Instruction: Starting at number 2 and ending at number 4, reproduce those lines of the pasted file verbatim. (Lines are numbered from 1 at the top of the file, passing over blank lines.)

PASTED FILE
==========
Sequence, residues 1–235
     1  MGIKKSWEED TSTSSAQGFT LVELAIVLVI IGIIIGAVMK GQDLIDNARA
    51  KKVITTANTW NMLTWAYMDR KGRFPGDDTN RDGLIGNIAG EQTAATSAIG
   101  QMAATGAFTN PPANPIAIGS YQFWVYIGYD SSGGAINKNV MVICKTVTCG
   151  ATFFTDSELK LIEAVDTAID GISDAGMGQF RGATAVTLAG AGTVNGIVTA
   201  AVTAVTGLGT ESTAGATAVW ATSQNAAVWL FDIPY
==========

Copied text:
     1  MGIKKSWEED TSTSSAQGFT LVELAIVLVI IGIIIGAVMK GQDLIDNARA
    51  KKVITTANTW NMLTWAYMDR KGRFPGDDTN RDGLIGNIAG EQTAATSAIG
   101  QMAATGAFTN PPANPIAIGS YQFWVYIGYD SSGGAINKNV MVICKTVTCG